Any one of these figures is shocking. Together, they paint a grim picture of gun violence in US society. We're truly unique in the world with hundreds of millions of guns in circulation, many designed for sole purpose of killing human beings. The ShockMarket activists are demanding president Biden establish a national office of gun violence prevention, that there be public investment in community-based gun violence intervention programs, that the federal government hold the gun industry accountable, and that Biden use the bully pulpit of his office to drive the issue of gun violence prevention onto the national agenda. They've issued Biden a deadline of the State of the Union address to offer a detailed plan of action.
The NRA has long dominated the political landscape around gun control, ensuring that no meaningful legislation passes through Congress. In recent years, though, the NRA has been rocked by scandal with its head, Wayne LaPierre and other executives caught spending on lavish personal trips and clothing, according to leaked financial documents obtained by the pro-gun news website, The Reload, the NRA's membership has dropped by half in the past five years, and spent 20% of its budget fighting its mounting legal problems.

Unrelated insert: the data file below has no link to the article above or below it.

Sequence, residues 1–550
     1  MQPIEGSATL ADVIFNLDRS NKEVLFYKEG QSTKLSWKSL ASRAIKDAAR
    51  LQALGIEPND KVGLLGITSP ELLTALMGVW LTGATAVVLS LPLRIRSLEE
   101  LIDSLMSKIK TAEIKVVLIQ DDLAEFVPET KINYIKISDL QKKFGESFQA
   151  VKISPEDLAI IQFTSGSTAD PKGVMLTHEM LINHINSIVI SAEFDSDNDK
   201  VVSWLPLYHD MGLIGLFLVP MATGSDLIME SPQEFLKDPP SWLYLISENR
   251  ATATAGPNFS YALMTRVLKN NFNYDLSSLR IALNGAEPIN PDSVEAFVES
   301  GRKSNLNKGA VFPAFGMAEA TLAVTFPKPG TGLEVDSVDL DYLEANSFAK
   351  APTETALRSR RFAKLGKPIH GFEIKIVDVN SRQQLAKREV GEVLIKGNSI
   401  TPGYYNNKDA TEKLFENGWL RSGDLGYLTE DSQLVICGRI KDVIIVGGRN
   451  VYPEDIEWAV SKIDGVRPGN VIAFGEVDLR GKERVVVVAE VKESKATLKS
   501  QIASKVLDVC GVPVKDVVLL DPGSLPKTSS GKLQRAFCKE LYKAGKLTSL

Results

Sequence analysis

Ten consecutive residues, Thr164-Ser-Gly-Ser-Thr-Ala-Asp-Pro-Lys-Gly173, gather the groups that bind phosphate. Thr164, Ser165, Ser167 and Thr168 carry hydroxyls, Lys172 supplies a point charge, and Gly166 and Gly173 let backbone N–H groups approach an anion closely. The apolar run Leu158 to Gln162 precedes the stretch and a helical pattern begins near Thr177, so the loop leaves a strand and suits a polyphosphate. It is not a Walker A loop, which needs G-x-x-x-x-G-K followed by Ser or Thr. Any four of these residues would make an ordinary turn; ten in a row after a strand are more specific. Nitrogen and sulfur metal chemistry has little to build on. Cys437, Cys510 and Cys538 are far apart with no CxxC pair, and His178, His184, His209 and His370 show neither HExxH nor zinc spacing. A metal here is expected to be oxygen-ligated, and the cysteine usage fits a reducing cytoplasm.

Meanwhile, nine families of victims and one survivor of the 2012 Sandy Hook massacre in Newtown Connecticut this week announced an historic $73 million settlement with Remington, the now defunct manufacturer of the semiautomatic rifle used to kill the 26 six to seven year old children and six staff members at that school shooting.
Manny Oliver's peaceful Valentine's Day protest atop the crane ended with his arrest. The organization he and his wife founded in Joaquin's memory, Change the Ref, posted a photo of Manny being led away in handcuffs with the caption, "A father's work is never done."